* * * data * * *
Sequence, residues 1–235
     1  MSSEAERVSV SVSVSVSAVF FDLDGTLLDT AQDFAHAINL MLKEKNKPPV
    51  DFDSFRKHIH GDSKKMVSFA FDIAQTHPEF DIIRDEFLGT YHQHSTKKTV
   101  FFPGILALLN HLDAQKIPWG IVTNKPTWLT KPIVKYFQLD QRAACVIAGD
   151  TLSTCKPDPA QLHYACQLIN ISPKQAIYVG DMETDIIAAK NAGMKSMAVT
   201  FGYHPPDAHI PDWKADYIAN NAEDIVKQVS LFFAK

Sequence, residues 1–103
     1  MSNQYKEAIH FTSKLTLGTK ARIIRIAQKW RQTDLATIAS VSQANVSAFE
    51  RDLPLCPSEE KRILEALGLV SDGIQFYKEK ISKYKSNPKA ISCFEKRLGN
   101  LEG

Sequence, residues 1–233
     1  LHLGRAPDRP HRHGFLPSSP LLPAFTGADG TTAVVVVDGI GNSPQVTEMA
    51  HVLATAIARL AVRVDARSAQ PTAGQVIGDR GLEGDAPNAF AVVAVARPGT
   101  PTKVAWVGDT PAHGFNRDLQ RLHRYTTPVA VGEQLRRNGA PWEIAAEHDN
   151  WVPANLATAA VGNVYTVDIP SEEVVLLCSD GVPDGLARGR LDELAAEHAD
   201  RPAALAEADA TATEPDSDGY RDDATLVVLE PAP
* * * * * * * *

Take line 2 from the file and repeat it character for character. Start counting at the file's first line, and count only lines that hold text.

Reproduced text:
     1  MSSEAERVSV SVSVSVSAVF FDLDGTLLDT AQDFAHAINL MLKEKNKPPV